TransProvence Enduro Fusion Tour – Roya Valley

Cat – on the very edge

37.4 mph…

That’s the speed we hit on the last run of the trip. Chasing down and trying to keep up with our guide, a former Olympian on a bike, as we hurtled down Brollercoaster – a trail that loses a thousand feet in about 2 miles and a little over 5 minutes, all the while passing over sharp rock gardens, sweeping turns, natural jumps and drops and sketchy chutes.

It was probably the most exhilarating 5 minutes of the holiday – where we used 6 days of practicing on the steepest, gnarliest Enduro stages that the Roya valley has to offer, to totally nail that trail (dude). Riding at just over 100% on techie terrain at high speed gives you a buzz like no other.

It had all started 6 days earlier; a band of seven bikers riding from the Auberge du Col de Brouis perched high above Sospel and Breil sur Roya. We teetered down the first trail of the day, oh so steep, rocky and endless compared to home. There was a touch of surprise that the very first trail wasn’t a gentle warm up – it was straight into technical, narrow, steep, exposed, switchbacky terrain. Switchbacks, that staple of trails in the TransProvence area.

Unfortunately one of the band took a tumble towards the end of the morning which ruled him out for the rest of the week. The rest of us reined in our bravado after that – the consequences of a little bad luck on steep unforgiving trails had just been demonstrated. An ambulance ride and a day in hospital confirmed nothing more than rest was required, but it was a big fall…

The days after that followed a familiar pattern. Early breakfast (7.30), rolling by 8.30. We could be on the trails within minutes of pedaling away from the front door of the Auberge, and being on the Col meant that these trails pointed down. Steeply. Either towards Breil or Sospel. So many options to start each day. All steep. All exposed. All featuring switchbacks. None ‘easy’. Some mornings this felt a bit much for cold legs and barely open eyes but the senses were soon fully alert!

Paul – and his Bronson

Following the first descent of the day (and a coffee in Italy if we were lucky) the van and trailer would whisk us off to the top of another mountain in the Roya Valley. The descent would generally include an Enduro race stage or two from one of the many local races or even a Trans Provence stage. The trails themselves varied from silly-steep super-rocky-steppy exposed switchbacks, sections of which were unrideable for a few of us, through to ‘enhanced’ steep but swoopy and flowy woodland trails with the odd berm, jump, or gap thrown in to get us shrieking with delight.

After 2 big descents, lunch would follow – generally a sandwich from the Auberge eaten at a cafe with snacks, coffee and banter.

Lunch – today in Sospel

The weather was generally good, but not wall-to-wall sunshine. We only got rained on once (sorry Paul). I insisted on one last run down the longest of Sospel’s downhill tracks just as the thunder made it obvious we were going to get soaked. We did. It was exhilarating nonetheless! Another super-fast 500 metre descent ticked off!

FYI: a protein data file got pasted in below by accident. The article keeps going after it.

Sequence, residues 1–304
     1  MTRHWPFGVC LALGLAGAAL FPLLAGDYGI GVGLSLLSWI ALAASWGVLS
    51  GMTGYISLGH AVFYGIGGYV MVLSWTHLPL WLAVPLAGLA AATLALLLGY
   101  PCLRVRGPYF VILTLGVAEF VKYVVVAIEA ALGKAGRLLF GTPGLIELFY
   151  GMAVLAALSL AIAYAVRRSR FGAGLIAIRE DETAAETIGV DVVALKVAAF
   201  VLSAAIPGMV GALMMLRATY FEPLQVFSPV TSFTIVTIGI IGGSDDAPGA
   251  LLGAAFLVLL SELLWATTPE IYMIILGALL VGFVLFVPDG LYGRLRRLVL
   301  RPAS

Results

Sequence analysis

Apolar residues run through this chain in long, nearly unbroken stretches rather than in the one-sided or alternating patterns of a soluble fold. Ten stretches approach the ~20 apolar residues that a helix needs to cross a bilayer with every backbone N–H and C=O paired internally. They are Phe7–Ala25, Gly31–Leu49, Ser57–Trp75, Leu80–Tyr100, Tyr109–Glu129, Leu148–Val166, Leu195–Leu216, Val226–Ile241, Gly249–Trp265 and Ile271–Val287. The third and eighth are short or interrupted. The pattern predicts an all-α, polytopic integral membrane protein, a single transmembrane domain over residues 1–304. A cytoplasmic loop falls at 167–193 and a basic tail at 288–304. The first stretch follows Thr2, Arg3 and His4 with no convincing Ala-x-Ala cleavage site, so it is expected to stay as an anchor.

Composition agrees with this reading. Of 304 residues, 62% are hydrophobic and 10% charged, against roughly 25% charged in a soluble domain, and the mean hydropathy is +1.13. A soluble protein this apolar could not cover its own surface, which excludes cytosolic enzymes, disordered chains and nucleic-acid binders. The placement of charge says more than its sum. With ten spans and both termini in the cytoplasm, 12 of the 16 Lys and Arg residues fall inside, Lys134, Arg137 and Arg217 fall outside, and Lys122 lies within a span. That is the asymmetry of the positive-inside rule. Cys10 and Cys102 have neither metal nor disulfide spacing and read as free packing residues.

Me – on a very easy bit!

The afternoons would generally bring the highest point of the day – reaching as high as 2000 metres with a long descent to follow, picking our way down first from the treeless summit, through the woods and then into the rocks and riverbeds. All your skills tested on one trail, hops, speed, steps, shale, rock gardens, switchbacks, and the strength of your braking fingers!

On the France/Italy border
Alan – dude.

Time permitting the van and trailer would shuttle us up again and again. There was no end to the trails on offer. The only limit was ours. Most days by 6pm we were crying ‘enough’ as our whole bodies ached from the endless downhill pounding…

That’s not to say we never climbed. There was a memorable hike-a-bike to a rocky summit, only to be greeted by a large, angry and overly defensive dog guarding its herd of goats, and there were several long, steep and baking hot fire-roads where our legs and lungs were tested at altitude…

Our amazing guide – Julia, dragging us up a fire-road

The guides were great. Nothing was too much trouble. Always smiling and always accommodating. Thanks so much guys! How they got the van and trailer to the top of some of those mountains needs seeing to be believed.

So all-in-all, a great week. A swim in the sea to end one ride, a swim in a gorge to end another. Every day was different and we didn’t ride the same trail twice. Except of course Brollercoaster…

The Auberge was great – comfortable beds, top notch food (but a bit low on carbs!) and an endless flow of beer and wine 🙂

And the Bronson? 37.4 mate. 37.4…

The Bronson. Instantly makes all my other bikes redundant…
Kieran (L) – our resident Olympian, and superb guide/local historian…

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